The Korean Competition section was also added last year to highlight the accomplishments of Korean female directors and encourage gender equality in the film industry. Seven feature films by Korean female directors have been invited to compete this year following a thorough screening process, 2 more than the previous edition, while a total of 26 films applied to take part representing a 20% increase from last year’s 21 films. The invited films are diverse both in genre, incorporating narrative, documentary, experimental, and more, and in terms of subject matter, exploring women’s solidarity, women’s personal lives and histories, everyday violence, sexuality, maternal love, disability, diaspora, and modern tragedy. This variety of work shows that Korean female directors have been active filmmakers in terms of both content and form. The seven selected films contain feminist perspectives and ethical explorations on contemporary themes.
Sub-zero Wind is director KIM Yuri’s debut feature film, and is a warm yet strong story of the solidarity of two girls who experience hardship and attempt to move on. A Bedsore is director SHIM Hyejung’s first feature-length film after a series of experimental shorts. The film delicately depicts the disturbance that arises within a family following the discovery of a bedsore on their mother’s back. Nothing Or Everything by KIM Gyeol exudes a unique power emphasized through the close-ups of LEE Yooyoung and KWON Sohyun. A War of Memories by LEEKIL Bora records the bodies and testimonies of the survivors of a civilian massacre by Korean soldiers during the Vietnam War, and tries to stand in solidarity with them. Tiptoeing by KWON Woojung reveals the courage of the director as she confronts her anxieties and conflicts while raising her daughter, who exhibits certain disabilities. The Fearless And Vulnerable by JEON Sungyeon and Us, Day by Day by KANGYU Garam are screened as world premieres. The two documentaries explore contemporary issues facing Korean feminists in their 30s and 40s, and record the activities of feminists in their 20s who surrounded Exit 10 of Gangnam Station following the Gangnam Murder Case. The two documentaries show that while it seems impossible these days to challenge and incite through film, it is important to realize it is still possible in the realm of the feminist movement films. Seven films, employing a variety of genres and subject matters, will compete for the Best Korean Film Award which grants the victor a trophy and 10 million KRW cash prize.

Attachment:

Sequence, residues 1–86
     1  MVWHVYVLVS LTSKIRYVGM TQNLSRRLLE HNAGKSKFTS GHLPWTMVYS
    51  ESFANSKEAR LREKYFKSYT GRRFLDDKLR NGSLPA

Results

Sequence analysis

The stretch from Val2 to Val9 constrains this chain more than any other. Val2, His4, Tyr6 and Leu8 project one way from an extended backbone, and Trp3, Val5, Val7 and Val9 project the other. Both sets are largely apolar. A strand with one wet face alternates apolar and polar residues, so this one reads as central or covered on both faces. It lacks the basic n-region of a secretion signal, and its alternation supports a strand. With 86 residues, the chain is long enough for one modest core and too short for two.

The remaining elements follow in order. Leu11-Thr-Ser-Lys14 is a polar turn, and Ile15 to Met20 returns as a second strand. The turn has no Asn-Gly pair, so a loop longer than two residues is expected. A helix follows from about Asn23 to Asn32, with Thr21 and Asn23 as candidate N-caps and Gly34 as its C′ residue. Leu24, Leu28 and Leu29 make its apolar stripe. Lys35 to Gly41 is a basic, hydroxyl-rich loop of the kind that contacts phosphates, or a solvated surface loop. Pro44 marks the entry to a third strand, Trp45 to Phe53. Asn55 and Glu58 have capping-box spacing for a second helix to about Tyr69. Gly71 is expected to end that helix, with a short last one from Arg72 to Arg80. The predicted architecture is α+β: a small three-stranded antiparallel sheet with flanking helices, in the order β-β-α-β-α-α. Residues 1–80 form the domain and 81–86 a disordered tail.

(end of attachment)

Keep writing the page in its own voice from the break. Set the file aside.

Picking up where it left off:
KWON Eunhye / Programmer